Rather than watch another homebred host use
the network as a stepping stone, Comedy Central has named established
talker Jon Stewart as new host of The Daily Show beginning
in January 1999.
Stewart replaces Craig Kilborn, whose role as
Daily's anchor landed him a contract with CBS-TV to replace
Tom Snyder on The Late, Late Show. Comedy's two-year contract
with Kilborn was set to expire in August 1999; the new contract
with Stewart is for four years. "I wanted to work out a four-year
deal to have longevity with a host," says Comedy Central
President Doug Herzog. Kilborn will be released from his contract
early, "with no bad feelings" from the network's side,
With Stewart, Herzog says, he'll consider expanding
the late-night social satire show from four to five nights a week
"at some point." Herzog also suggests that Comedy may
work toward developing an original talk show to follow Daily
at 11:30 p.m. ET.
Stewart, who most recently subbed as a fictitious
host on HBO's The Larry Sanders Show, will be reunited
with Eileen Katz, who produced The Jon Stewart Show for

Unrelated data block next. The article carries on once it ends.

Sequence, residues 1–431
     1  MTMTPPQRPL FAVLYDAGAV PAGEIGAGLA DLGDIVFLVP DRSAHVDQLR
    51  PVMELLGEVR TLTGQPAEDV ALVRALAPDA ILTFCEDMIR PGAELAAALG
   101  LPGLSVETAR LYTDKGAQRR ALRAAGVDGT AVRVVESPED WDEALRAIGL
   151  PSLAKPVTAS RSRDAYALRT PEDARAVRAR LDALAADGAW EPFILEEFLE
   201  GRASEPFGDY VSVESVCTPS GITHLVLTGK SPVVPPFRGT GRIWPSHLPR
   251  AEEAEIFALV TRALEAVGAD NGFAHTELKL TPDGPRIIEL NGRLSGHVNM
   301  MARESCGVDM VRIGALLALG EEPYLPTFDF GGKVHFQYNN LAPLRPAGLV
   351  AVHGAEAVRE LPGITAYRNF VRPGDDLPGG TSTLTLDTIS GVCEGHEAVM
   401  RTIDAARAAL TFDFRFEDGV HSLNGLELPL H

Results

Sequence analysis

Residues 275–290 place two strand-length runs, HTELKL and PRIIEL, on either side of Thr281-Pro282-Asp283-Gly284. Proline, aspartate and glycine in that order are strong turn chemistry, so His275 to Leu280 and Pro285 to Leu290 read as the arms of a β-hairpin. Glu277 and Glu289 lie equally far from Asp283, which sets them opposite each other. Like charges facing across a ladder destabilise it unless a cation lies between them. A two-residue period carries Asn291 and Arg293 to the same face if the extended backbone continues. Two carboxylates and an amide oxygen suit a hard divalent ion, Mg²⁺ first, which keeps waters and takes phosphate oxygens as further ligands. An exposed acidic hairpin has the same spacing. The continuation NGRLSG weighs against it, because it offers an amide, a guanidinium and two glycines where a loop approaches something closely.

two years at MTV. Katz is now senior vice president of programming
for Comedy Central. Madeleine Smithberg will continue as executive
producer of Daily.
Before Stewart accepted the Comedy Central slot,
cable onlookers speculated he might succeed Garry Shandling on
The Larry Sanders Show or be tapped by CBS for a late,
late-night show. Ultimately, Stewart says, CBS "wasn't ready
to do it, and neither was I. I always wanted to go to a show where
I'm not pushing the host out," Stewart says. "I like
going to a job that's available."
Stewart is poised to join Daily on a
ratings upswing. According to Comedy and the latest Nielsen data,
Daily averaged a .7 rating for the first two weeks of August,
1998, compared with an average .4 rating for the same period last
year. Stewart's previous commitments this fall -- he'll star in
two feature films to be released this December and will release
a book of short stories next month -- prevented him from joining
Comedy sooner, the network says.